The GPC From a First-Timer’s Perspective
The fourth-quarter Global Product Committee, comprising the top creative leaders from Leo Burnett Worldwide, met in Jakarta, Indonesia, to evaluate work from around the global network using the agency’s 10-point HumanKind Scale. Work that receives a 7-point rating is considered to be the benchmark for excellence in craft. (To learn more about the GPC and the HumanKind Scale, watch this video.)
At every GPC there are top creatives who have been going and evaluating work for a while now. We thought it would be a good idea to see the conference with fresh eyes, so we found three creatives who are taking in the experience for the first time. Garret Fitzgerald and Joe Hill, from Leo Burnett Melbourne, and Kat Limchoc, executive creative director at Leo Burnett Manila’s Blackpencil, tell us what from the GPC surprised them and what advice they have for up-and-coming creatives.
What were your expectations coming to your first GPC?
Garret: I knew there would be a lot of ads to get through and a lot of very senior heads in the room. Beyond that, I wasn’t sure as to how exactly the week would unfold. Having submitted to the last few GPCs, I was really intrigued as to how the work would be analyzed and discussed.
Joe: I expected to see a lot of work from the network, and to hear a room of really clever people talk about it.
Kat: That it would be like an intense, all-day oral exam.
What has surprised you about the GPC process?
Garret: I knew we would be scoring all the work, but the additional level of debate and just how thorough it is has really impressed me. There’s a real sense of duty in the room that we’re all here to make the work better.
Joe: I underestimated how intense an experience it would be.
Kat: It turned out to be a much kinder process than I thought it would be. It was still intense; with one having to be really “on” the whole time so one could really take in the work, analyze it and give good feedback should Mark call upon you. But the whole process turned out to be very positive and inspiring, where one could feel that it was really about celebrating the work that was good and learning from the work that could have been better.
What’s your impression of the work this quarter?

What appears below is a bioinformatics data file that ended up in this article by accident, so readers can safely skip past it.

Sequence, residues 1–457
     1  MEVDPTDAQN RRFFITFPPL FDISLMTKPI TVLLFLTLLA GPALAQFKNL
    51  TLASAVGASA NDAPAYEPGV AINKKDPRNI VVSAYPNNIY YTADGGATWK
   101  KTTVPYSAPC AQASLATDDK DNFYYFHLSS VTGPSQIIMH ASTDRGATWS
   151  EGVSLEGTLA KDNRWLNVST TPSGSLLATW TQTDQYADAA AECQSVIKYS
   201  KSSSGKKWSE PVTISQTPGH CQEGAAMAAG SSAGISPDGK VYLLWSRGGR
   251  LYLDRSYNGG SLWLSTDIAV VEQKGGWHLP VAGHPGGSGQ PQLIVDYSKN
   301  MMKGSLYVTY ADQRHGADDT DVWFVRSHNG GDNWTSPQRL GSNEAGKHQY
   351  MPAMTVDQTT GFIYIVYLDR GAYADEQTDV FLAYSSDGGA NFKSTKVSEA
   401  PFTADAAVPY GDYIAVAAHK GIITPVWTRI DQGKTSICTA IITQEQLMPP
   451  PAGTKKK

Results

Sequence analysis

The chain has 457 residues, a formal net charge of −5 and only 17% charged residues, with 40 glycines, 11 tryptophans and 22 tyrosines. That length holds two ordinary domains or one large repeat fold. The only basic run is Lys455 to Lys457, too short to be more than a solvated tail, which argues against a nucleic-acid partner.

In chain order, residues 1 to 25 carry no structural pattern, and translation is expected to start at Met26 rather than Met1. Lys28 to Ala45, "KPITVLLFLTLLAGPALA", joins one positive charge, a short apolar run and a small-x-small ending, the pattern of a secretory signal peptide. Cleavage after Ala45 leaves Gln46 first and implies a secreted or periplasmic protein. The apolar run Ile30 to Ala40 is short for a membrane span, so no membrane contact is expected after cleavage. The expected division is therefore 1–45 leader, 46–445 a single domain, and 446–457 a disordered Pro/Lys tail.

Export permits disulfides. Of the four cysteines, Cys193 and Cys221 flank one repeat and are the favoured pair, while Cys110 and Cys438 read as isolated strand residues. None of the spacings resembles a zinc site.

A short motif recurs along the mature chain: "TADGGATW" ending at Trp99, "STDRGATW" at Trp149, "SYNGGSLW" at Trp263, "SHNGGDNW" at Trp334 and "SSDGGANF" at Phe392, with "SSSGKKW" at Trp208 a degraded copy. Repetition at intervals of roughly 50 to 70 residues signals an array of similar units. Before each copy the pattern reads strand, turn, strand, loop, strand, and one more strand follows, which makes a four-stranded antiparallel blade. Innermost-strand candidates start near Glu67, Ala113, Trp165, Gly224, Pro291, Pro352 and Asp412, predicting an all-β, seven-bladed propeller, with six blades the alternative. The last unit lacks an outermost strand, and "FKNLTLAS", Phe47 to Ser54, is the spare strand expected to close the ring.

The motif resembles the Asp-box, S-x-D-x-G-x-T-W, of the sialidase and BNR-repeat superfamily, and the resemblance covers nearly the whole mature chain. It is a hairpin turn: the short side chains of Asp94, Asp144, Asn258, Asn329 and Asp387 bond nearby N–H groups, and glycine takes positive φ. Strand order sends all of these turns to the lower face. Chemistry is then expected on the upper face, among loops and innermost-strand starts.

Garret: I think it’s been a strong quarter with some real standouts (as evidenced by the 8 balls). There were great contributions from right across the network and the level of craft has been high, particularly in areas like film.
Joe: There are so many ideas that take on ambitious, thoroughly human goals, far beyond conventional marketing imperatives. This really impressed me, and made me incredibly proud to work for Leo Burnett.
Kat: There was a lot of impressive work that came from different offices. The ones that really resonated where the ones that reflected purpose-driven thinking executed brilliantly, as we saw in the 8-Ball work like the Atlantic Group’s “The Cube” and the Tourism Authority of Thailand’s “Pray for Anna.”
Please describe some of your favorite pieces that you’ve seen over the past few days.
Garret: McDonalds All Day Breakfast TVCs: Verbalizing online speak to communicate the “we hear you” message was genius. And bloody funny to boot.
Stabilo note: This app really struck a chord with me. In simple terms, it scans highlighted text on a page and saves it down as a note on your phone. Students everywhere will be sure to benefit from it.
Vintage Is Beautiful: A lovely print campaign from Oslo for the Salvation Army. A simple message – beautifully executed.
Joe: “The Cube” for The Atlantic Group is compelling in every way. I loved the McDonalds All Day Breakfast spots — super smart in their strategic intent, and hilarious in execution. The Stabilo app is user-centered genius — analogue product given renewed, deepened relevance by deft digital thinking. I am also a very big Reword fan. I suspect it will remain one of the ideas I am most impressed by, and most envious of, until I retire from advertising to my mountain hut.